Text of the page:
This research was conducted with more than 200 not-for-profit CCRCs. Through communication between these CCRCs and their residents’ family members, nearly 3,700 family members across 49 states and the District of Columbia responded to the survey questions and provided a glimpse into their knowledge of and perceptions about CCRCs. The view of CCRCs they provide is very favorable. These family members are very pleased with the services and care CCRCs provide to their family members: 93 percent agree that CCRCs are providing good services to their family members.
How does this impact their decision-making? Seventy-seven percent would be likely or very likely to consider a CCRC lifestyle. Their interest in a future CCRC lifestyle for themselves is strongly influenced by their family members’ experiences; 75 percent of those very likely to select this lifestyle report their family members’ CCRC experiences positively influence their interest to a great extent.
But moving into a CCRC often requires a significant financial investment by a potential resident and often it is his or her home that serves as the source of payment. With the ongoing fragility in the U.S. housing market, will future prospective residents have the interest and financial wherewithal to consider an entrance fee option? The study’s findings show that 50 percent of those likely to consider a Continuing Care Retirement Community would select an upfront refundable entrance fee with a monthly fee contract and a “Type A,” all-inclusive long-term care option (versus 40 percent who are uncertain). Dan Hermann and Jeffrey Girardi of Ziegler note in their commentary in the research publication: “This is one of several findings from the study that speaks well to the future viability of the CCRC model and, more importantly, the entrance fee financing structure.”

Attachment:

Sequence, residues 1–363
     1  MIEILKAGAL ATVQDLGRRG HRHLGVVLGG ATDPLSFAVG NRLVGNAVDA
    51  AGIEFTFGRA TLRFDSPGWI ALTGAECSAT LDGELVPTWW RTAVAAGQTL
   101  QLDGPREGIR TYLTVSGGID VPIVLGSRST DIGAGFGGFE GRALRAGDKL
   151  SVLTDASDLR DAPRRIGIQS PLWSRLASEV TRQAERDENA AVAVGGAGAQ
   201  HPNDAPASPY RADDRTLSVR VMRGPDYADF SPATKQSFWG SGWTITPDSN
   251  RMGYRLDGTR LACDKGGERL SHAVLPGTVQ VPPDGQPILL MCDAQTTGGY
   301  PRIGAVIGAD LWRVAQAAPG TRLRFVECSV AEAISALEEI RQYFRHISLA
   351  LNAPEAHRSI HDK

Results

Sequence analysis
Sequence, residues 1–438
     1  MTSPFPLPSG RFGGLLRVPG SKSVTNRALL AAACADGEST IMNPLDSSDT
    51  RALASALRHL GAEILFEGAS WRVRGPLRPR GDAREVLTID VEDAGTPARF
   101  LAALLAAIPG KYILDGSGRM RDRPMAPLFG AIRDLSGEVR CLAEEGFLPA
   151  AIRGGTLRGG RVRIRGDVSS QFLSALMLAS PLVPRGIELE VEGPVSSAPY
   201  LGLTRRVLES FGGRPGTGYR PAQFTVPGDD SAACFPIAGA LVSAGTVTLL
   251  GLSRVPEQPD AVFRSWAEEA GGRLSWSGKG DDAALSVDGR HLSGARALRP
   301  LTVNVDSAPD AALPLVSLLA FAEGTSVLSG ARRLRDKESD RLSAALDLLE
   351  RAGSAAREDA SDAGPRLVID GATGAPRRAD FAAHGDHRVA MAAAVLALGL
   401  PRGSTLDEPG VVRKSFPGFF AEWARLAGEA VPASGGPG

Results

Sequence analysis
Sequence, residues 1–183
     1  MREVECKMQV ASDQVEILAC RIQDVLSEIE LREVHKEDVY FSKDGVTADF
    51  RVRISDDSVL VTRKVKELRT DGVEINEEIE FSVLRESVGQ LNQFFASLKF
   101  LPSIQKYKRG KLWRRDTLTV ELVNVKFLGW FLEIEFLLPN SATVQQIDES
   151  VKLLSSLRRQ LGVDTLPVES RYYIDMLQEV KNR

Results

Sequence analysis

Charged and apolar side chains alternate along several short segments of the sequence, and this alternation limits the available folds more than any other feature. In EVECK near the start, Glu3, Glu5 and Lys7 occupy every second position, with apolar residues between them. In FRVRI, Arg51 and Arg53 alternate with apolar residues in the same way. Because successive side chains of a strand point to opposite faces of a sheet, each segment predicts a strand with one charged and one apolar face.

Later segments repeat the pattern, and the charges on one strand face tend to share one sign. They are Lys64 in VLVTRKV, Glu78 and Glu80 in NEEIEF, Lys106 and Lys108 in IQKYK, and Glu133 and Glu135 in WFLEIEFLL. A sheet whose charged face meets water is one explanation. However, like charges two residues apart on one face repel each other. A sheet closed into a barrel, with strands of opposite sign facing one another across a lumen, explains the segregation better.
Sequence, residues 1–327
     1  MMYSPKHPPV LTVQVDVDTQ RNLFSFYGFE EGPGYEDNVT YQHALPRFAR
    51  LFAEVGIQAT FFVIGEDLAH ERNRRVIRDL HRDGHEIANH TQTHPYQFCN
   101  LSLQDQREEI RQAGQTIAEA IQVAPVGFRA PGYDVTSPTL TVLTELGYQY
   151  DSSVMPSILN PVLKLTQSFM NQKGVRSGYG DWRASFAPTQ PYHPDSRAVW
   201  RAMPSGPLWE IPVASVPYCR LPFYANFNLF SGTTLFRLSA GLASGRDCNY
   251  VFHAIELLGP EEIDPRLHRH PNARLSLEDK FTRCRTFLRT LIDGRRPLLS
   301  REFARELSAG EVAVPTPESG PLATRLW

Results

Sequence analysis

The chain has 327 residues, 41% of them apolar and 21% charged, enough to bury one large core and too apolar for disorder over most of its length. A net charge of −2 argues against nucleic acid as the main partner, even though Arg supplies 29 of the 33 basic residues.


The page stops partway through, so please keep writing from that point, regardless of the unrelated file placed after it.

Not surprisingly, the findings emphasize that it is important for CCRCs:
- To market their value and cost.
- To ensure quality.
- To ensure the provision of a health care continuum.
Ninety-nine percent of the respondents noted that cost and value of the community was very important to them; 98 percent noted that the reputation of the community will be important to them in their decision-making. Respondents were also clear that a retirement community’s main attraction is the availability of health care. Health care will likely take many shapes and forms as health care reform unfolds, but the resounding importance of health care (with wellness programs, fitness activities and other such activities also desired) provides clear direction for marketing efforts; the availability of onsite health care was important to 97 percent of the respondents. The research also offers insights for future design of amenities, programs and services.